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Most of the online advice I found focused on re-using the sash. I don't have any use for the old sash. I'm after the old wavy glass for another project. They are divided lights, 3 long rectangular lights per sash, 2 sash, probably 36 linear feet of putty to remove.

Options found were steam or heatgun, and a chisel.

Here is one suggesting brushing on 50/50 bleach/linseed: http://homeguides.sfgate.com/dissolve-window-putty-98740.html

Another post reported on brushing with kerosene.

Does not needing to respect the wood open up other options?

1) I suppose I could waste a router bit to get the bulk out, but if I hit a point with legs (in contrast with flat triangles or diamonds), I'm guessing it would crack the light. Big down side is the all the dust, likely lead toxic

2) I could cut up some plywood, screw it together as a steam box. That'd be quick, but when it comes to putty, heat is heat, no? Historic Preservation: https://www.youtube.com/watch?v=XVoc9HnHtCA Dave Bowers: https://www.youtube.com/watch?v=I1bjOENLTQA

3) Or just soak the entire sash in water for a couple days.

4) I own a general heat gun.

5) I suppose I could power up the table saw to rip the rails and stiles to within an 1/8" of the glass, maybe the mullions as well. This would eliminate the support given to the lights by the sash and require removing the putty from the glass without that support.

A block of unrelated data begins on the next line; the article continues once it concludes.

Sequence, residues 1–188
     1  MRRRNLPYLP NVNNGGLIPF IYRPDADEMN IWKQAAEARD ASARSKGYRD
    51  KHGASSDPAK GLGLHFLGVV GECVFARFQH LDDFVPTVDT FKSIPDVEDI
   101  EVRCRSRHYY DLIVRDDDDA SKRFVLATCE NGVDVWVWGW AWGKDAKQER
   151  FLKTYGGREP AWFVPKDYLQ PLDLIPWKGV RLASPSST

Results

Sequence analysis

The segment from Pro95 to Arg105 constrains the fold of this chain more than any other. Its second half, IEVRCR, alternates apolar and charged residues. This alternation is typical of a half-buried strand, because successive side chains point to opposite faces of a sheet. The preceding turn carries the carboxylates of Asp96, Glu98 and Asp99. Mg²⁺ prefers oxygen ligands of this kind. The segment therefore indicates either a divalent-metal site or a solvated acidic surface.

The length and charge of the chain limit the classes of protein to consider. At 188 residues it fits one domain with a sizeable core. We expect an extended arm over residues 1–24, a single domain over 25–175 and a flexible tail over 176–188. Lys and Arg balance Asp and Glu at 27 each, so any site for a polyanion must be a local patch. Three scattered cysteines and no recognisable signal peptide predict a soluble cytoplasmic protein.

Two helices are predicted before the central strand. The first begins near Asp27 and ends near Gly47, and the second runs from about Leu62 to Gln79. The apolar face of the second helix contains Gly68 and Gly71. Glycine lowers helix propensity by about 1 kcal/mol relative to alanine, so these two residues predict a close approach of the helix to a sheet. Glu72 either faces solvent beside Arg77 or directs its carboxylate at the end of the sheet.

6) lots of varying advice: http://www.diychatroom.com/f4/removing-putty-old-windows-glass-replacement-30292/

The one thing I have going is that I need only two intact lights for the current project, but would really like to preserve all five (one is cracked).

So I guess there are two tasks, remove putty from the lights, and remove the lights from the sash.

  • Before running a saw along next to the glass, note that it might be held in with small nails, maybe just one or two on each edge to hold it in place while the putty is being put in. – Andrew Morton Apr 11 '18 at 12:37
  • Thanks, do you mean nails instead of glazier points? I was also thinking that the sash stabilizes the lights, so weakening the sash would leave the lights vulnerable. – HerbG Apr 11 '18 at 14:32
  • I was thinking of pins - small nails with almost no head. Not good for a saw blade or your nerves. – Andrew Morton Apr 11 '18 at 15:16

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